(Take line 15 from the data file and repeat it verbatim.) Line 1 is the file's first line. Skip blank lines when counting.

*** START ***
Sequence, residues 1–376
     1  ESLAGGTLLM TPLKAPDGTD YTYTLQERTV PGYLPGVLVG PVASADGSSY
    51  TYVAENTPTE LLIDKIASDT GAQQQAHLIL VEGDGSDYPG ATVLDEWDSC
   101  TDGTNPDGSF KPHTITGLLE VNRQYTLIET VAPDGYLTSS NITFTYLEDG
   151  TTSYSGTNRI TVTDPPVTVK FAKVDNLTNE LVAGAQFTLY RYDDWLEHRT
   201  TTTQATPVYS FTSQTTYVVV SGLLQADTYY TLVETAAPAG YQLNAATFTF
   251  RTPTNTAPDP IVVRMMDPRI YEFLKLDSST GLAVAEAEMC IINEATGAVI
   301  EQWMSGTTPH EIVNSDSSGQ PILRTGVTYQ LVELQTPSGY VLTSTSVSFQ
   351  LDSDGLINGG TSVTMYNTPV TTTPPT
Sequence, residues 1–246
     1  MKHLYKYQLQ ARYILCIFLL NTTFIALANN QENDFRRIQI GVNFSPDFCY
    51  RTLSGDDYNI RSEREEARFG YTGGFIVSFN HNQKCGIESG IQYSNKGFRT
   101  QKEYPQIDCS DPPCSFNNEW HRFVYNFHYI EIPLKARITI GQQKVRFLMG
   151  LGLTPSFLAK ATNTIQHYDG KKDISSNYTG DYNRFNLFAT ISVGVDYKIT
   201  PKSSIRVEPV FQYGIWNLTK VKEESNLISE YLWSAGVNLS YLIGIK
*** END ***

   201  PKSSIRVEPV FQYGIWNLTK VKEESNLISE YLWSAGVNLS YLIGIK